Those convicted of marijuana-related charges, and those in neighborhoods that police have excessively targeted for drug crimes, will be given 50% of all marijuana business licenses distributed by the city.
Oakland’s city council has unanimously given approval to the Equity Permit Program. The new law mandates that half of all licenses for marijuana businesses be given to Oakland residents who have either been imprisoned for a cannabis crime in the past 10 years, or live in one of several specific neighborhoods that cops have been shown to aggressively and excessively target in an attempt to arrest drug users.
“Communities of color have been negatively and disproportionately impacted by disparate enforcement of cannabis laws,” states the ordinance’s WHEREAS section. It also notes that “individuals arrested or previously incarcerated fro cannabis related offenses face significant barriers to obtaining employment, financial aid, public housing, and other economic opportunities”.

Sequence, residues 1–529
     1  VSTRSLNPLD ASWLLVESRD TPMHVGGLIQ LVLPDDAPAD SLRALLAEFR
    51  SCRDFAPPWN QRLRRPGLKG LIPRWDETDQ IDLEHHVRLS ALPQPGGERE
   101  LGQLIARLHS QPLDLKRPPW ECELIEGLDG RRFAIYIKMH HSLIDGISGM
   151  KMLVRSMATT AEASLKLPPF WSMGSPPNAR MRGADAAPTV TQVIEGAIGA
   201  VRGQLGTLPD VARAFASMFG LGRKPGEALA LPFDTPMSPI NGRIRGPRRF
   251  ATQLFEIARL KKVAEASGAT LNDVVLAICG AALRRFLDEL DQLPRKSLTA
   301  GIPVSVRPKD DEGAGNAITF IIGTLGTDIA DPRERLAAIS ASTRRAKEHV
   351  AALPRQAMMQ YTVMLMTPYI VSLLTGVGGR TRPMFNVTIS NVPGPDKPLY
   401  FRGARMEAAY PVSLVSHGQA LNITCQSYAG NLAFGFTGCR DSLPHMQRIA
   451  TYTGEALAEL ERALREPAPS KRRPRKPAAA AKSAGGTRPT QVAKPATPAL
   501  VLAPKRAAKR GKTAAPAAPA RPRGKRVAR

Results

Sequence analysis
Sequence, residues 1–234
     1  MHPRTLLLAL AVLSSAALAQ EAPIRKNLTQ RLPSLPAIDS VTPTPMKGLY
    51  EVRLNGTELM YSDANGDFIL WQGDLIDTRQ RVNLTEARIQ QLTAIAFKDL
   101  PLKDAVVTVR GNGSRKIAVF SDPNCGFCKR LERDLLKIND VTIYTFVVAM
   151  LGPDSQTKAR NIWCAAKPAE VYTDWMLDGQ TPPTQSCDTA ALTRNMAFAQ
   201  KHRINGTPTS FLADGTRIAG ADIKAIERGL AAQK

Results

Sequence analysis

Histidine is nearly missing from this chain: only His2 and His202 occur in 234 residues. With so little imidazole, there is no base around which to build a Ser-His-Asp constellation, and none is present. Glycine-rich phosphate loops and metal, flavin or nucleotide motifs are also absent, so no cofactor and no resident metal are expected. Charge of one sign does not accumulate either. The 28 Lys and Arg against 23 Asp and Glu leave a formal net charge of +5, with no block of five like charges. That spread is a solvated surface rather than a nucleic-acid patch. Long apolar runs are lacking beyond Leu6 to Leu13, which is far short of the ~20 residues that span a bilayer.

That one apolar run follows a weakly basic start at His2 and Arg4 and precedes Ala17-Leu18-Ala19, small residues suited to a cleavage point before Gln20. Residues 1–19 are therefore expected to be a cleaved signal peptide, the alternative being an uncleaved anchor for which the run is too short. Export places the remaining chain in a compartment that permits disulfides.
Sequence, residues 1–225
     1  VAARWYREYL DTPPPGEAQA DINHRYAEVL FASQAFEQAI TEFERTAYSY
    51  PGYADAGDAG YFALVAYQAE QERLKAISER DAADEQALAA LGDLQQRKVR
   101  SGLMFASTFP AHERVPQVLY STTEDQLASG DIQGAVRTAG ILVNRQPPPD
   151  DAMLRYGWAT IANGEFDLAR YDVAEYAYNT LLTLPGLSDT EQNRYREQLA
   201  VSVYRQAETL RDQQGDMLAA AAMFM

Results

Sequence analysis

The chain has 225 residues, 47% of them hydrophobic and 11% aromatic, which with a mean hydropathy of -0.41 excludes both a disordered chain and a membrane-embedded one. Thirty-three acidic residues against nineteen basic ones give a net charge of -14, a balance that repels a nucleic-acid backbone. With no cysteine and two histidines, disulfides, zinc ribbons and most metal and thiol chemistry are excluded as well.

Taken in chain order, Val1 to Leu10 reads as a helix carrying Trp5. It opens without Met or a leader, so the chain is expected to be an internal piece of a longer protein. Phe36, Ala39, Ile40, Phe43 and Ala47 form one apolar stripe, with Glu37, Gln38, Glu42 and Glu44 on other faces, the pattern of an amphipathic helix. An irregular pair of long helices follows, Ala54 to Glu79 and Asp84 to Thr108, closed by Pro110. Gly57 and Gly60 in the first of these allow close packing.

“I believe it’s an attempt not to perpetuate some of the inequities we’ve seen here locally and also in other states,” says Greg Minor, assistant to Oakland’s city administrator.
According to Minor, the city’s application process will be revised by the end of the year..
About Anthony Martinelli
Anthony, co-founder and Editor-in-Chief of TheJointBlog, has worked closely with numerous elected officials who support cannabis law reform, including as the former Campaign Manager for Washington State Representative Dave Upthegrove. He has also been published by multiple media outlets, including the Seattle Times. He can be reached at TheJointBlog@TheJointBlog.com.